Dallas Sailing Club


History of Dallas Sailing Club
Extracted from notes by Roger Hansen

In 1944 at the age of 12, I spent half the summer and part of the fall as caretaker at the DSC. A remarkable experience - looking south off their screen porch and listening to the political conversations. 

To my knowledge, the first Lightning on the lake was being built by Truehart Brown and one Raleigh Usery, who was a big friend of Balfour Patterson at that time. Usery and Patterson, I think, had left Lone Star Gas and joined National Geophysical some time before - when that company was deciding to acquire the patent on the selenium diode from AT&T for TI. (That acquisition was discussed on the screen porch at DSC). They were trying to influence the selection of that boat as the next club boat to replace the Seagulls. I do not remember seeing any Lightnings on the lake before theirs, which I believe was put on the lake that fall. I think that the remaining 9 boats of DSC's Lightnings were built by a Mr. Shipman who did a great job. Since Pat Haggarty was a part of CSC, I would not be surprised if Shipman built some of theirs too. There would have been about the same number at each club in 1945.

The Dallas Sailing Club Pier was not where the White Rock Boat Club is today. Part of the DSC pier still exists today west of the White Rock Boat Club pier - in a remodeled remnant form. 

DSC never had very many boats, but it was an active club. There were 6 mooring places on either side of the main North-South walkway for club boats. There were two prior wings running East and West toward shore, but they did not have many boats in them and only two davits, for repairs. The boats were moored wet. The principal activity for the approximately 150 sought for and usual number of members was drawing for club boats and crew for racing on weekends and reserving boats during the week. Everyone present was usually accommodated in some fashion. Having a caretaker was a great help as well.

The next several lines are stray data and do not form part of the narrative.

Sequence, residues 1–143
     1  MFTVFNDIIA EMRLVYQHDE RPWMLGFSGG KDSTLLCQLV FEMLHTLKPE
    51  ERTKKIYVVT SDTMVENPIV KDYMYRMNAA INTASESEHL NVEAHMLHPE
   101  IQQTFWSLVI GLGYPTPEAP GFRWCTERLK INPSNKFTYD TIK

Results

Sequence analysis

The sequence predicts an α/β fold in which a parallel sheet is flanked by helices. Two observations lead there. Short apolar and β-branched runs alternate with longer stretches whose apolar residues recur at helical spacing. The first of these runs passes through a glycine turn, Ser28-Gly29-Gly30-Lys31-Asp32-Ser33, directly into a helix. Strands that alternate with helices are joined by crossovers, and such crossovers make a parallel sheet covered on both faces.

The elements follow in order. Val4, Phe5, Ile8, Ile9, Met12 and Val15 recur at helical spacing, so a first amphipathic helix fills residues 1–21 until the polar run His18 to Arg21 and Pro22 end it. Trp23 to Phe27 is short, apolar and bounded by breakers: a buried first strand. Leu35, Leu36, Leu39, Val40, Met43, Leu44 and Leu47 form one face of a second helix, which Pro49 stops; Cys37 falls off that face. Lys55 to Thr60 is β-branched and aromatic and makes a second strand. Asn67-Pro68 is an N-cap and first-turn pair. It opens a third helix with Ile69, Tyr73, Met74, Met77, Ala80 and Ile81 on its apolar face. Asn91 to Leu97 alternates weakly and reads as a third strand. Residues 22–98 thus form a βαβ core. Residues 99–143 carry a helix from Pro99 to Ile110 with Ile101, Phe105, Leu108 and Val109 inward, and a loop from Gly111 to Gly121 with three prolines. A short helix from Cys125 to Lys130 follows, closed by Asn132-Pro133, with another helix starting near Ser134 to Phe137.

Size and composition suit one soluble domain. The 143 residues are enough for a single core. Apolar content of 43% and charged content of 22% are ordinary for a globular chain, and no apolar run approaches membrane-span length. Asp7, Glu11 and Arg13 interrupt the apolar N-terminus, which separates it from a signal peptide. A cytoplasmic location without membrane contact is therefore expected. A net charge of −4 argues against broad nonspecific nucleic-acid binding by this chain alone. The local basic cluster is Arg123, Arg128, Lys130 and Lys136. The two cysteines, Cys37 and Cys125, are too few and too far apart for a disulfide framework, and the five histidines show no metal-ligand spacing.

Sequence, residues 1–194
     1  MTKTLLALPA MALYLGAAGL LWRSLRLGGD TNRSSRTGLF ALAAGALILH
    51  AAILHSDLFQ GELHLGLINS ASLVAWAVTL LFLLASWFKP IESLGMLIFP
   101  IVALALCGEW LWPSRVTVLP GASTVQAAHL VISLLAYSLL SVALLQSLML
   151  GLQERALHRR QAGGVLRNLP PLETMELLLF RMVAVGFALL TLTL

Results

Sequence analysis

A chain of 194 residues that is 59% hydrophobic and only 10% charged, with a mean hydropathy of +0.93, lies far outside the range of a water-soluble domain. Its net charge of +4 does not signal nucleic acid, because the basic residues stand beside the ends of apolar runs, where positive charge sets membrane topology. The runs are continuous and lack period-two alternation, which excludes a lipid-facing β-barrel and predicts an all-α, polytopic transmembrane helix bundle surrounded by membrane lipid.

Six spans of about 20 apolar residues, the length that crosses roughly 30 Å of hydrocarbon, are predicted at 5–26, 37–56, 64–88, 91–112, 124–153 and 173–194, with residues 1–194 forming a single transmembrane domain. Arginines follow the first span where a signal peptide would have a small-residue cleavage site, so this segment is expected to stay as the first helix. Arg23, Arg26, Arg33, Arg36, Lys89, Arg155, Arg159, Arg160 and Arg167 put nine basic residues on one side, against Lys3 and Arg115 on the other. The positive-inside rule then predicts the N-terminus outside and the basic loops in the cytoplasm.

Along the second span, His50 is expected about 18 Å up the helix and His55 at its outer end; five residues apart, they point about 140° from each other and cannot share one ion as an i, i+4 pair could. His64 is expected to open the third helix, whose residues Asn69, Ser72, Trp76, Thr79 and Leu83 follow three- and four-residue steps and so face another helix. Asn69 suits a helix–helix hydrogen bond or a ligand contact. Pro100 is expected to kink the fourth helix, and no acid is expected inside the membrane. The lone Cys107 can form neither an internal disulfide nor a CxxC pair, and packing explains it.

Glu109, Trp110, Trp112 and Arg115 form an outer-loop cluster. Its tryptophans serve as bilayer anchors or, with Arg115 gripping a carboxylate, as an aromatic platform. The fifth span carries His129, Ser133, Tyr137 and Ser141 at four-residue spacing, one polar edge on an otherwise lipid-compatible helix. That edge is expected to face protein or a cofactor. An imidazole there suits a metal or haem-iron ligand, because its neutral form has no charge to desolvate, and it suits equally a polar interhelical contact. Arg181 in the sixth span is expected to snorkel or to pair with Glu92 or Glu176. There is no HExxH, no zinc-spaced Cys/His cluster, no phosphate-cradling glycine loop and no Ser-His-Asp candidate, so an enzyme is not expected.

The members of the Dallas Sailing Club were middle aged for the most part, and they were obviously not new members, when I got there in 1941. Such people as Roger Dixon (the head of the Cotton Exchange), Bob Meade (the chairman of the Interstate Compact Commission), the Manager of Titche Goetinger (whose name I do not recall), Hugh Jamieson, Sr. (a major inventor of high speed photography), Pasley (the owner of National Geochemical), several people who were part of the management of National Geophysical which became TI, Frank Carden, a local investment manager and politician, the McDermotts, the Chiltons, etc. They did not tolerate any carousing around the club, partly because they set it up for family activities for their offspring. They also used a Baptist caretaker to see to orderliness, in their absence. Though it had a bar, it was used only for holidays and regattas with private liquor. The place was also in a dry precinct. The law was enforced by chaining the boat to the pier for 30 days, if the police caught you on board with liquor. The offending member was asked not to use the club while the boat was chained up - I only saw that twice. It is my suspicion that the caretaker, on the instruction of the members, advised the police of the troublemakers, to enforce the law. The younger people at the Snipe club may have had some problems with drinking - but that was not particularly obvious, while I was there. DSC had essentially no problem with drinking when I was there, and I never heard of any problem with it before either. [The last comments are in response to Bill Sherrill's and WRSC archive accounts of the formation of WRSC.]